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You fragments! if the Volscians are in arms,
As I do hear, we shall have means to vent

Our musty superfluity. While the multitude still linger on the spot, Cominius and other senators enter, followed by two of the tribunes of the people, Junius and Sicinius. These last mingle with the crowd, and confer with individuals in it, while Cominius and Marcius are speaking in the foreground: [Cominius.] „Marcius, 'tis true that you have lately told us;

The Volcians are in arms. [Marcius.] They have a leader,

Tullus Aufidius, that will put you to't.
I sin in envying his nobility :
And, were I anything but what I am,

I'd wish me only he. [Cominius.] You've fought together ? [Marcius.] Were half to half the world by the ears, and he

Upon my party, I'd revolt, to make
Only my wars with him : he is a lion
That I am proud to hunt. You have my promise

To' attend you to these wars; and I am constant. [Cominius.] It is your former promise. Now your company

To' the Capitol, I pray, where I do know

Our greatest friends attend us. [Marcius.] Lead you on:

For these who linger here, why, let them follow;
The Volscians have much corn; take these rats thither
To gnaw their garners :--worshipful muti'neers,
Your valour puts well forth; I

pray you, follow. The senators pass on : the citizens steal away: the tribunes, Sicinius and Junius, are left by themselves. [Sicinius.] Was ever man so proud as is this Marcius? [Junius.] He has no equal.

[Sicinius.] When we were chosen tribunes,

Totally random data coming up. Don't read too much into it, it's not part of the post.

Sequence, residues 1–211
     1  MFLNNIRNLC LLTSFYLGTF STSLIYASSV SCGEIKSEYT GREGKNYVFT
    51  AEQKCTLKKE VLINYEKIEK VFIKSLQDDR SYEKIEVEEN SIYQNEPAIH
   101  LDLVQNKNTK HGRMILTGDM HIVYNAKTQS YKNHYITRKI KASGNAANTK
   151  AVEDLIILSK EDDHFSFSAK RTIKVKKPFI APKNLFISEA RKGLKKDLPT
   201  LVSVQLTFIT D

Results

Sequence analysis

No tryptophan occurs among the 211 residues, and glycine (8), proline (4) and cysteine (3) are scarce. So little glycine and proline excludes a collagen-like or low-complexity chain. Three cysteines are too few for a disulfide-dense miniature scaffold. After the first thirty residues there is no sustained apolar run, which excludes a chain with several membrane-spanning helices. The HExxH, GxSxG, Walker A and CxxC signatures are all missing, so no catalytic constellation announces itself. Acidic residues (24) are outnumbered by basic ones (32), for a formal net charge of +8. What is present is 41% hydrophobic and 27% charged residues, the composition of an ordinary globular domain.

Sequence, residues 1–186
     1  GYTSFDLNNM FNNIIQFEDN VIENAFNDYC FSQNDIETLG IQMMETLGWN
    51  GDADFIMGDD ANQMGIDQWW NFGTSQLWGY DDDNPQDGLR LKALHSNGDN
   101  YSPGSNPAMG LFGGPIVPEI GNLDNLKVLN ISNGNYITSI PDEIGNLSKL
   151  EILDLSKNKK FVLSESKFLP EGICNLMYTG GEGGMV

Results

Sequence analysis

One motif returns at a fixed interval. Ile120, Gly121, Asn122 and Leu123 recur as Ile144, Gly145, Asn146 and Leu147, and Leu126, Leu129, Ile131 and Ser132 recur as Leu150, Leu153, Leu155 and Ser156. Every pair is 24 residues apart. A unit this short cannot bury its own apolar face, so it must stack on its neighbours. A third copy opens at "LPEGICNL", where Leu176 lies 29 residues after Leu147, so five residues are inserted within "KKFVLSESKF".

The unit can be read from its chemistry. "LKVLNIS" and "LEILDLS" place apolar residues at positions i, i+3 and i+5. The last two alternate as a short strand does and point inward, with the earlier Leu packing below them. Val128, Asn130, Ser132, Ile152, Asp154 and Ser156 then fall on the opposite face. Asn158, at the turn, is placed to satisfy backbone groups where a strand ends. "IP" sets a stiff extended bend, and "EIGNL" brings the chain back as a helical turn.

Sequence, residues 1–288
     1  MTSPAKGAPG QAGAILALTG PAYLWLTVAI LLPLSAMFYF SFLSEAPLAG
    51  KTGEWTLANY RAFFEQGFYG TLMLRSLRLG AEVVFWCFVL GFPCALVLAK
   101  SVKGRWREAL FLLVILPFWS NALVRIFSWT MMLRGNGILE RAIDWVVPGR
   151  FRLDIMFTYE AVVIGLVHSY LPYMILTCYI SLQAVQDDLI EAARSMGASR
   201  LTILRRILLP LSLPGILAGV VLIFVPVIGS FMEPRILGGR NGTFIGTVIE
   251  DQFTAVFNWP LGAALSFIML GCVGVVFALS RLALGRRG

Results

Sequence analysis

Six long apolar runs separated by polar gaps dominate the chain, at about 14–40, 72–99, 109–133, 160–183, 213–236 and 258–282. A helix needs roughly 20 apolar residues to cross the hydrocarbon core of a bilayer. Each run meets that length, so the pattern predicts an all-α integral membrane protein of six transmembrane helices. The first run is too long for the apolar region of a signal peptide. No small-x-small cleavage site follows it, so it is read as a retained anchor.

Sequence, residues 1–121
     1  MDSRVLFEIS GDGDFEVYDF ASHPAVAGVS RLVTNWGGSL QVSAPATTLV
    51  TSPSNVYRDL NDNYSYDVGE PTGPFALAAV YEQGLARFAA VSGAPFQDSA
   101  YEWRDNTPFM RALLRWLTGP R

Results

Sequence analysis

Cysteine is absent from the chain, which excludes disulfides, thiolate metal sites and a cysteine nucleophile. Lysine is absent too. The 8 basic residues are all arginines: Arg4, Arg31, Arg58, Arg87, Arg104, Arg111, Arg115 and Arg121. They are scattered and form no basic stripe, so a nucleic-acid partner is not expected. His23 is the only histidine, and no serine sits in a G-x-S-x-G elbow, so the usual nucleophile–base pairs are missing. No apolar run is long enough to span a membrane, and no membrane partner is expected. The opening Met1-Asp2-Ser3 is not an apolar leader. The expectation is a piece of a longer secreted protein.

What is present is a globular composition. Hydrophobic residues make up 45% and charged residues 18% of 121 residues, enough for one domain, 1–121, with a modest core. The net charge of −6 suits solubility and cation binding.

Mark'd you his lip and eyes ? [Junius.] Nay but his taunts.

Bei'ng mov'd, he will not spare to scoff the gods,
Or mock the modest moon: the wars devour him;
So proud to be so valiant! Such a nature,
Tickled with good success, disdains the shadow,
Which he treads on at noon. But I do wonder
His insolence can brook to be commanded

Under Cominius.
[Sicinius.] Fame, at which he aims,

And which already graces him,-fame cannot
Be better held, nor more attain'd, than by
A place below the first: for whạt miscarries
Shall be the general's fault, though he perform
To the utmost of a man; and giddy judgement
Will then cry out of Marcius, — “Oh, if he
Had borne this business !” If things go well,
Opinion, that so holds on Marcius, shall

Of merit rob Cominius. [Junius.] Truly said.

Half of Cominius' honours are to Marcius,
Though Marcius earn'd them not, and all his faults
To Marcius shall be honours, though indeed

In aught he merit not.
[Sicinius.] Let's hence, and hear

How the despatch is made; and in what fashion,
More than his singularity, he goes
Upon this present action : let's along.